The loving husband or wife who works for CBP, had to look at other people’s loving husbands and wives in the face, and slam the door.
And why, and for what?
It is not the troops on horseback, it is not the companies afoot, it is not arms that defend the tyrant. This does not seem credible on first thought, but it is nevertheless true that there are only four or five who maintain the dictator, four or five who keep the country in bondage to him.
Five or six have always had access to his ear, and have either gone to him of their own accord, or else have been summoned by him, to be accomplices in his cruelties, companions in his pleasures, panders to his lusts, and sharers in his plunders. These six manage their chief so successfully that he comes to be held accountable not only for his own misdeeds but even for theirs.
De Boétie asks, obliquely, why it is that the bodyguards of the despot don’t simply rid history of the odious person, as they could easily do.
A certain amount of it is simply the desire for people to do something they find worthwhile, and to be left alone to do it well. The Secret Service guards that protect a despot are not protecting the despot because they care passionately for the individual; it is their own self-perception and desire for excellence that keeps them in servitude.
De Boétie has been considered by some to be a proponent of revolution. I think not – he was a proponent of getting people to ask themselves “why am I doing this?” which is far more revolutionary than yelling “Aux Barricades!”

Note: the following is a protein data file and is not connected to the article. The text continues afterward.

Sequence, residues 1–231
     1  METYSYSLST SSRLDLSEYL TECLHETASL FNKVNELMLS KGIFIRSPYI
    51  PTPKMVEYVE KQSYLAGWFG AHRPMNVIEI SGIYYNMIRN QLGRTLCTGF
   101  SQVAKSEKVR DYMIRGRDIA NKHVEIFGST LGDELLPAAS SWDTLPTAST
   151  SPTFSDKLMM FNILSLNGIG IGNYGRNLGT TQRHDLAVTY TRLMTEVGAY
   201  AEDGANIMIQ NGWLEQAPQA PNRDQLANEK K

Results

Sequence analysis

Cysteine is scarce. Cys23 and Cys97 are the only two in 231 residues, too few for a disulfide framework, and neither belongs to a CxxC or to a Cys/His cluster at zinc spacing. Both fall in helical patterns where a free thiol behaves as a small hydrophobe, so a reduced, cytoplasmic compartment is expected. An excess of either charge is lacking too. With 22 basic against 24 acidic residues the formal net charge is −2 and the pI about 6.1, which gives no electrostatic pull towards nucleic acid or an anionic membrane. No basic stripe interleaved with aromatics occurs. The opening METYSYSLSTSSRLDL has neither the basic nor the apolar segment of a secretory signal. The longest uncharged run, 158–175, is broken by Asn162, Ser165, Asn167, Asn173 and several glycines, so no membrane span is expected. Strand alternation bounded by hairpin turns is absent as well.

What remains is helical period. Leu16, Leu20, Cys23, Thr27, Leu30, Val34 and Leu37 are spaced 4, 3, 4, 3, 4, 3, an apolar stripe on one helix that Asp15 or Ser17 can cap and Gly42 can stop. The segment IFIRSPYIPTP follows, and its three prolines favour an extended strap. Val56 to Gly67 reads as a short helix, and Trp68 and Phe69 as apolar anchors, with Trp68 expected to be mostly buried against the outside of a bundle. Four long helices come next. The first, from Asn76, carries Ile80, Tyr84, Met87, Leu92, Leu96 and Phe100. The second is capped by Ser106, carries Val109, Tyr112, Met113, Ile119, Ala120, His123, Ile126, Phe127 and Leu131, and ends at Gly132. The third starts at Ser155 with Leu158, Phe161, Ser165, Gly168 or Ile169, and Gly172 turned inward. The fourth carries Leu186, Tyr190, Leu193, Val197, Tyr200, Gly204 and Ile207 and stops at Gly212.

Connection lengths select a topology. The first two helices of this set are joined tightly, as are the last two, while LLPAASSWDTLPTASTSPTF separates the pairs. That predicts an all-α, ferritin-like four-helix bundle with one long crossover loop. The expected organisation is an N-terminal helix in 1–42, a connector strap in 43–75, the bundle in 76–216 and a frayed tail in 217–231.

De Boétie holds a special place for me, because he was the first philosopher I encountered who answered the problem that plagues anarchists: “how do you prevent the cascade into chaos and dictatorship, once government is removed?” Anarchists have historically gotten a bad rap in the US because some of them committed the unforgivable crime: they tried to kill some rich people. We can’t have that. De Boétie’s answer is simple and obvious: just walk away.
I think all the protests and such are very good, but the time is soon upon us when we will need to do more. Not violence – not yet – but the US could use a general strike or two: a work stoppage and monkey-wrenching. I’ve heard some women mention the Lysistrata Option  which would be the one thing that would probably make the alt-right fascisti’s heads explode. Personally, I favor an organic program of monkey-wrenching and leaking – especially leaking – that I call “cyberinsurgency” We’re not quite there, yet. Maybe soon.
In line with De Boétie’s argument, I am currently daydreaming around the idea of simply announcing that I plan to pay no taxes for the remainder of Trump’s term(s) in office. Why should I? The popular vote didn’t count, and besides, I’m just following the lead of the Not-Payer In Chief. Of course, per De Boétie, if one person does that: they go to jail. If a million people do it: then it’s a serious problem. It’s one way to cancel the F-35 program, for sure. There’s no need to run Aux Barricades! when you can run on the bank.
All quoted sections in this posting are from De Boétie. I’m trying to clean up my annotations and make things a bit more visually simple. Feedback is always welcome.
PS – I am declaring today Sunday, so this can be a “Sunday Sermon” posting.